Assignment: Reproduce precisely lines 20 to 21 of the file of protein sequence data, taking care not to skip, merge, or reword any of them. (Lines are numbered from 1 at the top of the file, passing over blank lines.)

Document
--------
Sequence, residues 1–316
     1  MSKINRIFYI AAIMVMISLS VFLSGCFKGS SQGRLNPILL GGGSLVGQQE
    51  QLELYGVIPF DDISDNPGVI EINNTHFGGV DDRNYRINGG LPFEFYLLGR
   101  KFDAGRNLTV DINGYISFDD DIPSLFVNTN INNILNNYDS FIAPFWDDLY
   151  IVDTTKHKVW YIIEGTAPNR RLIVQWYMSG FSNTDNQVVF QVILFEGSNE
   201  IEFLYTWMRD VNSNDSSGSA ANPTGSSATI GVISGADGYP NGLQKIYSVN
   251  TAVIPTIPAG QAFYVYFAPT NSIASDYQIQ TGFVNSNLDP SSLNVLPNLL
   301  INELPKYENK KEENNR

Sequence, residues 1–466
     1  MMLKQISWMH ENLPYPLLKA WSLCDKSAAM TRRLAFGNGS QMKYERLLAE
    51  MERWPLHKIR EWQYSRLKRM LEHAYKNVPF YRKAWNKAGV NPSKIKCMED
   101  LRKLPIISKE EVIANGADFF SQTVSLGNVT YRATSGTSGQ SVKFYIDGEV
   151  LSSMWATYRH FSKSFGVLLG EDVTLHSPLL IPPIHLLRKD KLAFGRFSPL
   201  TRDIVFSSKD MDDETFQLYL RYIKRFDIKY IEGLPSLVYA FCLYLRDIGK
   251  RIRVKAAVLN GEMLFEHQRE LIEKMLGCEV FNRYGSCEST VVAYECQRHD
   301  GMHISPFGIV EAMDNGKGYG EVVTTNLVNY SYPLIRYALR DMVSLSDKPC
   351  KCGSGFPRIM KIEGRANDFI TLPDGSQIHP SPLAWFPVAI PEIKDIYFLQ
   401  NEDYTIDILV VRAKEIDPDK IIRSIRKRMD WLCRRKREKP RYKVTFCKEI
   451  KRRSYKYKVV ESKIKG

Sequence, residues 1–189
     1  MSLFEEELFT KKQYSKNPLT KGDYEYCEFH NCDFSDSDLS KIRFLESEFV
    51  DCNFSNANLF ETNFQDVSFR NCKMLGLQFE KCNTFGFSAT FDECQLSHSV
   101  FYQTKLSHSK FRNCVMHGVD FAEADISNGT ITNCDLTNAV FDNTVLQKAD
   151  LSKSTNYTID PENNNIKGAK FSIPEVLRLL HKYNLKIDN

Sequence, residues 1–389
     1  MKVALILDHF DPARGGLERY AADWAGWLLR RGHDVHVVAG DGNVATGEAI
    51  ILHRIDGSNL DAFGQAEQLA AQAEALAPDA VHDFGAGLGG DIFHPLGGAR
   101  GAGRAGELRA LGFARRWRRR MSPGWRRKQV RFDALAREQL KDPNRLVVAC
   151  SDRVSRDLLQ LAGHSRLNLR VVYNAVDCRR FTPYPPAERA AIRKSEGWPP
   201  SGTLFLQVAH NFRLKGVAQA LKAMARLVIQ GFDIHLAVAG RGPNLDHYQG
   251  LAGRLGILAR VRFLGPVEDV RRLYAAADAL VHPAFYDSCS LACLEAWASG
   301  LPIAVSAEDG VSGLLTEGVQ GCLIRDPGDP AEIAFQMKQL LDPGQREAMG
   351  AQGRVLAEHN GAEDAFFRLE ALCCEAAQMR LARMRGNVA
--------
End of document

Sequence, residues 1–189
     1  MSLFEEELFT KKQYSKNPLT KGDYEYCEFH NCDFSDSDLS KIRFLESEFV